Dark days and long nights.
Tracey and I are back safely from our Oriental travels, having walked along part of the wilder stretch of the Great Wall near Beijing, raising money and awareness for the Carers UK charity. The experience was a little surreal as the village where we stayed seemed deserted, the air quality was excellent and the woods around the wall were very similar to ours here in Dorset. We felt quite at home but reality quickly returned when negotiating the sheer drops on the ruined parts of the Wall. We were accompanied by our English guide, William Lindesay and his young black Labrador, Hadrian, giving me a few anxious moments as dogs and drops are a dangerous combination. Back in the city, one of the many things I liked about Beijing was the way animals were treated; many people owned dogs and they were all a bit fat and very happy. Quite a contrast to countries in Eastern Europe and Africa where so many starving strays forage for scraps. Our group has raised over £60,000 for Carers UK and hopefully the profile of the charity has benefited as well. So thank you once again for all the donations that have been made.
Back in the UK, the dark days and long nights have begun and so many of you will be walking dogs by torchlight. Reflective collars and vests are really useful to keep track of dogs off the lead and some have flashing LEDs built in. Probably best to stick to familiar routes in the dark as if you do get separated, at least you both know the way home. Cats all want to be out in the dark but they get dazzled by car headlights so badly that it disorientates them, making them vulnerable to collisions. They always come off worse.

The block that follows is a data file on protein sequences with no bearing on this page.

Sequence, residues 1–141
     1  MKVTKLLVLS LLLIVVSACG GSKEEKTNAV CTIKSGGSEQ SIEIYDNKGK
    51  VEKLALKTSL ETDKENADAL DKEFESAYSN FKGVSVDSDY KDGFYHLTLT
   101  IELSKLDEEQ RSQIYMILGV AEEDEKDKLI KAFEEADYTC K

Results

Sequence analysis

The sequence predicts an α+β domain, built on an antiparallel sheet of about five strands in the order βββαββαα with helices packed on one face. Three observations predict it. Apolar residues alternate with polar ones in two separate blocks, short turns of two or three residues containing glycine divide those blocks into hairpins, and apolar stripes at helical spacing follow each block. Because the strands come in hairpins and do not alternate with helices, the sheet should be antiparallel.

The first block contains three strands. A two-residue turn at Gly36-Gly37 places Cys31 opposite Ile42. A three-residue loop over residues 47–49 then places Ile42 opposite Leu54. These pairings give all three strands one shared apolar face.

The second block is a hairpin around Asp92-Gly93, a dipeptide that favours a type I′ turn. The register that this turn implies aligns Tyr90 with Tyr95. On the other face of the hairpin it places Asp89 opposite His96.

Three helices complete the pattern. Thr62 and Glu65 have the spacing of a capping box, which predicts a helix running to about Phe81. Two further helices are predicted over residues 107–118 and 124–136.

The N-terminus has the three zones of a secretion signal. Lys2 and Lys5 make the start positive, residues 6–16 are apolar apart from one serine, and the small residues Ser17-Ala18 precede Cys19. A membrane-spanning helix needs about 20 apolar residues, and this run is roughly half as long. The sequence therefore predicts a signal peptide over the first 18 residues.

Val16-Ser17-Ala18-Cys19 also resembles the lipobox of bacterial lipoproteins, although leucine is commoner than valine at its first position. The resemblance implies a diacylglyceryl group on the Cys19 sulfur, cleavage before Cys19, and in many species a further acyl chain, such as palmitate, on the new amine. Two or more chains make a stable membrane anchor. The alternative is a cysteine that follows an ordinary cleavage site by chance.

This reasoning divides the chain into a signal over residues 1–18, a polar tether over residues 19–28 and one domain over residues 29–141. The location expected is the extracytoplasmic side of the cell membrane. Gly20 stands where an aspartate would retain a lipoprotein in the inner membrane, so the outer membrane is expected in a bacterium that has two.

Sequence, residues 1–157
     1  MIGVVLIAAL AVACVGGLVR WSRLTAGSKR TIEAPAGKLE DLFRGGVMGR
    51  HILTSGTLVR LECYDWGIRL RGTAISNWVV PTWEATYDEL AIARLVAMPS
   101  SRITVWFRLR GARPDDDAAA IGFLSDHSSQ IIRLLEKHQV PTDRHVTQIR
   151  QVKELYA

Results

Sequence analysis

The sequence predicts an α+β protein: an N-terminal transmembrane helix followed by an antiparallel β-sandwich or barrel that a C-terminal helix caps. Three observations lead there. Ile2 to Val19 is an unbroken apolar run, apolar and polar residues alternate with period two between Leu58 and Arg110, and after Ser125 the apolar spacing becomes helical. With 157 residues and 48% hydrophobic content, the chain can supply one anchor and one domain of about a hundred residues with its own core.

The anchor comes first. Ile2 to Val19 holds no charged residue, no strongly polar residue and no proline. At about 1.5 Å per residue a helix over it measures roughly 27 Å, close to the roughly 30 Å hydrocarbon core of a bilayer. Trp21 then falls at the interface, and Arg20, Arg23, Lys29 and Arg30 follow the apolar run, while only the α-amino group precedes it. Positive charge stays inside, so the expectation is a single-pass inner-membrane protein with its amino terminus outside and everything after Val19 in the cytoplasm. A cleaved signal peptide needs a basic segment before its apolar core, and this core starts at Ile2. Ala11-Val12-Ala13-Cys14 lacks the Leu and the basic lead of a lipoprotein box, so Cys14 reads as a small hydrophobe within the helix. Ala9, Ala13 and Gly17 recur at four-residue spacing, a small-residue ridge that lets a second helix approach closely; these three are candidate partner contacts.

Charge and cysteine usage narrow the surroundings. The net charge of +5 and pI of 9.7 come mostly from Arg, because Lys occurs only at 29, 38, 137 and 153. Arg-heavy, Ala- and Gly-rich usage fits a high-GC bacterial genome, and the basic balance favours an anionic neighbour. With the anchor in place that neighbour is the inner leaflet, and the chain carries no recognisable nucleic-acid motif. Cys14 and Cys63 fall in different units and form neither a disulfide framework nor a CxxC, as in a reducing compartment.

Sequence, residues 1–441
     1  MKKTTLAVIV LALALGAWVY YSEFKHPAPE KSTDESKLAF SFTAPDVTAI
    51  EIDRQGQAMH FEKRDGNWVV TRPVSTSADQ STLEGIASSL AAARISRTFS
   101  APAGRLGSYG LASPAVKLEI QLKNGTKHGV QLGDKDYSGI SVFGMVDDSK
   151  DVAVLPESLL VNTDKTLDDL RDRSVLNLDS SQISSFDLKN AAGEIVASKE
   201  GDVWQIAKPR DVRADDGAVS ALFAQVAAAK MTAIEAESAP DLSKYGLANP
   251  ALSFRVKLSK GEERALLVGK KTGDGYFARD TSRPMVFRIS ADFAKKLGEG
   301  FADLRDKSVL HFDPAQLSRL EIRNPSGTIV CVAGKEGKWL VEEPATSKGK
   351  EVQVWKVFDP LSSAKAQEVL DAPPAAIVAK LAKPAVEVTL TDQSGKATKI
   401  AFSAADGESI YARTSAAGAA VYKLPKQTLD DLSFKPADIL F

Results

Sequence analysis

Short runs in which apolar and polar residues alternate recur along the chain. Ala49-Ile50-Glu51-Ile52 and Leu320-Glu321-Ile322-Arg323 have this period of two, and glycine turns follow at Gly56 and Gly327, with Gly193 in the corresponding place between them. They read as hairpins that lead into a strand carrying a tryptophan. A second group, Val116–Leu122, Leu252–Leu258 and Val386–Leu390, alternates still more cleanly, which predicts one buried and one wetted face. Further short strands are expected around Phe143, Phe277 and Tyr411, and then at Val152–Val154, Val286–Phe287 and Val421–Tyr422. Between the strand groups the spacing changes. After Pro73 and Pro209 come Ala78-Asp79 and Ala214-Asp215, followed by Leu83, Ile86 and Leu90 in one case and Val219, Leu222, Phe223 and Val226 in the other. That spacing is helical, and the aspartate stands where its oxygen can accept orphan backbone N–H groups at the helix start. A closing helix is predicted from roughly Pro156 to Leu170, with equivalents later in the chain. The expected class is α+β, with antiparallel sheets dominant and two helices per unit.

With the dark comes the chance of fireworks, obviously more likely around November 5th and Christmas/New Year but can happen any time. In the countryside, the pheasant season gets underway in earnest in November and December and so expect volleys of gunshots on many Saturdays. If you are planning a walk and you have a pet who is noise-phobic, try to check on any shoots in the area and avoid them. Fireworks or shotguns, some dogs are so petrified they can just run off in a blind panic. At home, make a shelter with duvets or blankets over a table or cage, play loud music and of course, close windows and curtains. There are a number of natural and prescription medicines that can help stress in dogs so do call your surgery if you require some advice.
We will all be spending more time indoors in the coming months and that has repercussions on skin condition in cats and dogs. Allergies from house dust mite and fungal spores get worse in winter and any flea larvae left over from the autumn are activated by the central heating. You can’t do much about the former but it’s worth making sure your flea prevention is up to date with a good quality product. We all have our favourites and there are spot-ons, tablets and collars to choose from. Again, if you need advice, just give us a call.
Reflecting on this year, much has happened, with our new surgery opening on Preston Road in Yeovil and new faces joining our nursing staff, all fully qualified veterinary nurses. We now have enough nurses to start nurse clinics in the New Year, providing professional services (blood samples, wound management, health care advice) with the backup of our veterinary surgeons. This will allow our vets to spend longer with each patient in the consult room, allowing more time for complex problems to be fully investigated and explained.
January 15, 2019
September 19, 2018
March 07, 2018